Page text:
Baseball has a pace made for radio. The ebb and flow of action on and off the field affords listeners the luxury of tuning in and out with the rise and fall of an announcer’s inflection. A man can work with one ear cocked toward the radio and both eyes focused on whatever task is at hand.
Because only baseball has a language all its own.
Sage announcers with easy voices translate cracks and grunts into six-four-three double plays and a long fly ball that’s back-back-back, outta here! And when the action stalls or moves in fits and starts, these auditory guides dig deep into their pockets filled with anecdotes and pull out a story that just so happens to build upon the one we’re listening to right then and there.
We follow the action because the action is easy to follow.
I began following baseball in the land of Dave Niehaus, an announcer who would never give you the score, but reeled you in with his unbridled enthusiasm. MY, OH MY indeed.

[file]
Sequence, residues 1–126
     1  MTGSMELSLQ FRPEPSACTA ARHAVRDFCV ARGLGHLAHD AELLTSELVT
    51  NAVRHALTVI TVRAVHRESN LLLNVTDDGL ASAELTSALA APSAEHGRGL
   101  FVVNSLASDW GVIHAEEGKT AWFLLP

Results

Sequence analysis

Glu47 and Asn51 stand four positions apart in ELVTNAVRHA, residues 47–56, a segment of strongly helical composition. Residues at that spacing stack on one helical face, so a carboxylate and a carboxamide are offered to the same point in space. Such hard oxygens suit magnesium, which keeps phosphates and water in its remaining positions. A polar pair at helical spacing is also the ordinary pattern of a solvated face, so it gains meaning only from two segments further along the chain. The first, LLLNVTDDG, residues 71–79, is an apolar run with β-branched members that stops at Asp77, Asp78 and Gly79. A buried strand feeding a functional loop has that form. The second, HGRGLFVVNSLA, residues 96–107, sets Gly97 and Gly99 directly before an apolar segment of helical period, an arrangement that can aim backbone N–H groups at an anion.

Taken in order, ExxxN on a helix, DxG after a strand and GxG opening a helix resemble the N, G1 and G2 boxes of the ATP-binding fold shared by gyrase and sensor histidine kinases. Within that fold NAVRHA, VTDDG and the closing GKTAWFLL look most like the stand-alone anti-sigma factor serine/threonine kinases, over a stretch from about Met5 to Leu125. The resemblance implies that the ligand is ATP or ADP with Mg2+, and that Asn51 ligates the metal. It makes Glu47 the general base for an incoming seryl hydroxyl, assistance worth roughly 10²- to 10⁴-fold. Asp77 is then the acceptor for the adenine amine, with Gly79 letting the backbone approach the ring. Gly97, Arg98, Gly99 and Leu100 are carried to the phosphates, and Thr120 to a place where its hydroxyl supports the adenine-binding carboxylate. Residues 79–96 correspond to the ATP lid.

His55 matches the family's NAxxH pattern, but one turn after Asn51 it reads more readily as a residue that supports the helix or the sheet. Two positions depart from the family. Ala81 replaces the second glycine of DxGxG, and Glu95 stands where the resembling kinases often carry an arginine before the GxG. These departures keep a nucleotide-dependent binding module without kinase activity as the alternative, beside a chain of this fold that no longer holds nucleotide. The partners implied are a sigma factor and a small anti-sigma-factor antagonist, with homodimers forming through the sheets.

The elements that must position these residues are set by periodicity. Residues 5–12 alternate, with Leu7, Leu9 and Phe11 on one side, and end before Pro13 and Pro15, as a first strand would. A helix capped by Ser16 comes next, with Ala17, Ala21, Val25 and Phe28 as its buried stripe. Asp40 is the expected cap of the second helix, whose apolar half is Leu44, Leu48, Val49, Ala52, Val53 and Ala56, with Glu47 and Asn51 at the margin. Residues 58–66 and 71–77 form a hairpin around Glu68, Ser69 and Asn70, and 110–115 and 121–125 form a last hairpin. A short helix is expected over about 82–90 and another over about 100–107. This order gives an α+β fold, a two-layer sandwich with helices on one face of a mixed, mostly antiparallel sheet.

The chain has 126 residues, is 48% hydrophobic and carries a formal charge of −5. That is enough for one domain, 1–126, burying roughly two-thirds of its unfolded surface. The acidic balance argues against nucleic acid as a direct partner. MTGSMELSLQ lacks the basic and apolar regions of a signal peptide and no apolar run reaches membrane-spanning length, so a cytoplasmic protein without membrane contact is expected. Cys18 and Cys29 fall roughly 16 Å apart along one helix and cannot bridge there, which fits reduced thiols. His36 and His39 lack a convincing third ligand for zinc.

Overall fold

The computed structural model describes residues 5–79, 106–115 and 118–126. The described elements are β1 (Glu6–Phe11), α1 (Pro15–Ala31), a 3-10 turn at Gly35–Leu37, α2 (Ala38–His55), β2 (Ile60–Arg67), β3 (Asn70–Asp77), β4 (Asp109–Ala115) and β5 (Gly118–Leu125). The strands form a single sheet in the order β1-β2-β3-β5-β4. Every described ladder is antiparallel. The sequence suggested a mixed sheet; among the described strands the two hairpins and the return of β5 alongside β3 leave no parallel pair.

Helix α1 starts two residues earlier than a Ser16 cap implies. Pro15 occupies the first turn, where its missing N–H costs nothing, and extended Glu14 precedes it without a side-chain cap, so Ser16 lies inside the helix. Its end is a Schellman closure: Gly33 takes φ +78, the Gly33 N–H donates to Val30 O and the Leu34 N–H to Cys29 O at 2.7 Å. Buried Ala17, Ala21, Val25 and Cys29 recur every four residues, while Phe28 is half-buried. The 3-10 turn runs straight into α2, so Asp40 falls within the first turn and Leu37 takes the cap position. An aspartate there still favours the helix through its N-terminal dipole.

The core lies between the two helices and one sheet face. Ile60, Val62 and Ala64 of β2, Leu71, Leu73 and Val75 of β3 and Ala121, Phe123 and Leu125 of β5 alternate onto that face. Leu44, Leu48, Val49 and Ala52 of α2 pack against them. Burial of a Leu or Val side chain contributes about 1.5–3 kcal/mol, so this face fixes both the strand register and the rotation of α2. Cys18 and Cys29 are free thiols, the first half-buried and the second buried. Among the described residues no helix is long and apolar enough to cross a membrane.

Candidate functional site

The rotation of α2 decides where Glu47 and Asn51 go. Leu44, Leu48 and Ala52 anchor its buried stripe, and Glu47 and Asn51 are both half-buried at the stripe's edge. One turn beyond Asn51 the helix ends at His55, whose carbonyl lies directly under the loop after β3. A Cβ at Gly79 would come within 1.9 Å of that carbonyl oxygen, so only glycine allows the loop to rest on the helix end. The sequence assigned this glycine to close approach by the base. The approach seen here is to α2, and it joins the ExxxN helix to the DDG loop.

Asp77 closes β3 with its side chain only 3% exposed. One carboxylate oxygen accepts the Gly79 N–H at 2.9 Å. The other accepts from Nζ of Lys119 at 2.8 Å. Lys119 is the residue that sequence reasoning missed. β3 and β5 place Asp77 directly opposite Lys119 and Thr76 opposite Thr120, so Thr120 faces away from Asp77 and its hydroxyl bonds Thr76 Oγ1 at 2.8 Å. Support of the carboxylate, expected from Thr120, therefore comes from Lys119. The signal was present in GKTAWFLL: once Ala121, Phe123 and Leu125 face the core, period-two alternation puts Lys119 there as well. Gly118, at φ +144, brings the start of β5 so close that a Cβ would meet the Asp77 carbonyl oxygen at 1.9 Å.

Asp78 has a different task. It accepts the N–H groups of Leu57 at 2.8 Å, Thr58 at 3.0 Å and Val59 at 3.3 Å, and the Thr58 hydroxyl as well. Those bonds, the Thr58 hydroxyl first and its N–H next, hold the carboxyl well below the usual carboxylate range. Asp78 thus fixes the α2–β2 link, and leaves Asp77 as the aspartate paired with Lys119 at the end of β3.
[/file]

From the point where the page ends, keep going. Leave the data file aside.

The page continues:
Then I moved a place dominated for decades by the boozy wanderings of Mike Shannon, an announcer with a voice for radio and, um, a way with words. Often the wrong way.
But regardless of which announcer is or was leading the way, I have a confession to make: when it comes to watching the game on TV, I’d rather have no guide at all.
Heresy, I know.
But hear me out. When baseball is on the radio, I can do other things, like drive long distances or work on a home improvement project, because the announcer tells me when to pay attention.
When the game is on TV, I don’t need the announcer to tell me anything because I can see it all for myself. If TV announcers realized this and stuck with only speaking when there was a break in the action or during a call that needed clarification, I’d be fine with them hanging out and watching the game with me. But they’re constant chatter. They become noise. And, really, when it comes down to it, the only noises I want to hear during a baseball game are the crack of the bat, the organ piping away and the crowd going wild.